In general, objective indicators – like the concentrations and emissions of assorted pollutants – should be combined here with indicators supported people’s subjective perceptions of the standard of the environment where they live. As within the case of other subjective data, indicators of satisfaction with environmental quality is also suffering from cultural biases and other limits that would affect cross-country comparisons, so these indicators are excluded from the assessment of environmental indicators of quality of life (Liao, 2009).

The quality of the local living environment encompasses a direct impact on human health and well-being. An unspoiled environment could be a source of satisfaction, improves mental well-being, and allows people to pass though the stresses of standard of living and perform physical activities. Access to resources like green spaces, forests and rivers is an important aspect of quality of life. Economies rely not only on healthy and productive workers, but also on natural resources like water, timber, fisheries, plants and crops (Zheng, 2010). The consumption of environmental services and amenities features a direct impact on quality of life, and conversely, the standard of those services is laid low with human behavior.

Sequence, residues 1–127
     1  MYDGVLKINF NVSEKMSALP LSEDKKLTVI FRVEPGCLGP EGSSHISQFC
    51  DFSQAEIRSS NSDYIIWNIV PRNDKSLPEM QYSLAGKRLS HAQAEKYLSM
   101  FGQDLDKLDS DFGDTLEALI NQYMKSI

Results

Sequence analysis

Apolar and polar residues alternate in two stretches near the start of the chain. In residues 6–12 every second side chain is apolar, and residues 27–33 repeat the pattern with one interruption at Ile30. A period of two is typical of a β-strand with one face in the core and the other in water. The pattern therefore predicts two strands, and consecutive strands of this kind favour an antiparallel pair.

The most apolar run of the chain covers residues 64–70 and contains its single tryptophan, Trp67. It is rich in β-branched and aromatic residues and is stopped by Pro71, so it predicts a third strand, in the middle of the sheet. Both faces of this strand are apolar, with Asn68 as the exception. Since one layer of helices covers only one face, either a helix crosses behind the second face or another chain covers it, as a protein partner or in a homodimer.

Table 1 presents environmental indicators that are relevant to the standard of life.


Table 1. Environmental indicators relevant to quality of life.